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pretenders, by a proper assurance in his own vindication. He says it is a civil cowardice to be backward in asserting what you ought to expect, as it is a military fear to be slow in attacking when it is your duty. With this candour does the gentleman speak of himself and others. The same frankness runs through all his conversation. The military part of his life has furnished him with many adventures, in the relation of which he is very agreeable to the company; for he is never overbearing, though accustomed to command men in the utmost degree below him ; nor ever too obsequious, from a habit of obeying men highly above him.

But that our society may not appear a set of humourists, unacquainted with the gallantries and pleasures of the age, we have amongst us the gallant Will Honeycomb, a gentleman who, according to his years, should be in the decline of his life ; but having ever been very careful of his person, and always had a very easy fortune, time has made but very little impression, either by wrinkles on his forehead or traces in his brain. His person is well turned, of a good height. He is very ready at that sort of discourse with which men usually entertain women. He is all his life dressed very well; and remembers habits as others do men. He can smile when one speaks to him, and laugh easily. He knows the history of every mode, and can inform you from which of the French

a

king's Wenches our wives and daughters had this manner of curling their hair, that way of placing their hoods; whose frailty was covered by such a sort of petticoat; and whose vanity to show her foot made that part of the dress so short in such a year. In a word, all his conversation and knowledge have been in the female world. As other men of his age will take notice to you what such a minister said upon such and such an occasion, he will tell you when the Duke of Monmouth danced at court, such a woman was then smitten, another was taken with him at the head of his troop in the park. In all these important relations, he has ever about the same time received a kind glance, or a blow of a fan, from some celebrated beauty, mother of the present Lord Such-a-one. If you speak of a young commoner that said a lively thing in the House, he starts up, “He has good blood in his veins; Tom Mirable begot him; the rogue cheated me in that affair;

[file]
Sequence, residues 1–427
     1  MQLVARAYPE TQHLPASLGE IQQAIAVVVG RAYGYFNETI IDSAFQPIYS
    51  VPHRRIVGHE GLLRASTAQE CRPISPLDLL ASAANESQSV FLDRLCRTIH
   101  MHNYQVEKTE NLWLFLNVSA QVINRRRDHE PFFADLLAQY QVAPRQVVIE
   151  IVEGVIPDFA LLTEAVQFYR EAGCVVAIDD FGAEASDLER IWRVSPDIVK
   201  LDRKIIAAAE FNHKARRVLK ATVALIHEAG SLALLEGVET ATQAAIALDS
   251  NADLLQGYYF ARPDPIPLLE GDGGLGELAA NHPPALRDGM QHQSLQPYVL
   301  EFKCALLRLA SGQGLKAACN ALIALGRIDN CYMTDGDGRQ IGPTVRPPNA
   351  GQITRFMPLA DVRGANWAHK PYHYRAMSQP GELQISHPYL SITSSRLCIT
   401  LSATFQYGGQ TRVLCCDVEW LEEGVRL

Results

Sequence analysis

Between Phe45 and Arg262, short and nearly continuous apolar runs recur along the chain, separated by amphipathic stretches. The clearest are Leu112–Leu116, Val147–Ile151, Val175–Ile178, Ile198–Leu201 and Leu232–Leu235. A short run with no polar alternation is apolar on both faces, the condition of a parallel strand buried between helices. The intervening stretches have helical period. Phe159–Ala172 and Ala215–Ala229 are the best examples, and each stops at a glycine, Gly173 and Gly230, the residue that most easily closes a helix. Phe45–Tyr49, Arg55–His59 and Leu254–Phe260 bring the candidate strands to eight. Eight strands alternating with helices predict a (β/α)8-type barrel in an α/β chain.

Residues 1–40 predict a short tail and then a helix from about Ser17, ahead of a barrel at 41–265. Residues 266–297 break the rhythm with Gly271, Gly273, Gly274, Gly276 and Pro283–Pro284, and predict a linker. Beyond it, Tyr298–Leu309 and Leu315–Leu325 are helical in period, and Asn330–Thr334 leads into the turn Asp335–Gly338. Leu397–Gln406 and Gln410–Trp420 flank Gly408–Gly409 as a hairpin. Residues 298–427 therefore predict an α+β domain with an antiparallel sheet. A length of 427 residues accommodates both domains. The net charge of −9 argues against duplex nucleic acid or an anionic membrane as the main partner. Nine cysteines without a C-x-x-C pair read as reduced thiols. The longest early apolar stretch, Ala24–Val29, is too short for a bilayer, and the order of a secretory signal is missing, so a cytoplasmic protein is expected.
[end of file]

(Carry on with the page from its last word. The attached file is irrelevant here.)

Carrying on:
fellow's mother used me more like a dog than any woman I ever made advances to." This way of talking of his very much enlivens the conversation among us of a more sedate turn; and I find there is not one of the company, but myself, who rarely speak at all, but speaks of him as that sort of man who is usually called a well-bred fine gentleman. To conclude his character, where women are not concerned, he is an honest worthy man.

that young

I cannot tell whether I am to account him whom I am next to speak of as one of our company; for he visits us but seldom, but when he does it adds to every man else a new enjoyment of himself. He is a clergyman, a very philosophic man, of general learning, great sanctity of life, and the most exact breeding. He has the misfortune to be of a very weak constitution, and, consequently, cannot accept of such cares and business as preferments in his function would oblige him to; he is, therefore, among divines what a chambercounsellor is among lawyers. The probity of his mind, and the integrity of his life, create him followers, as being eloquent or loud advances others. He seldom introduces the subject he speaks upon; but we are so far gone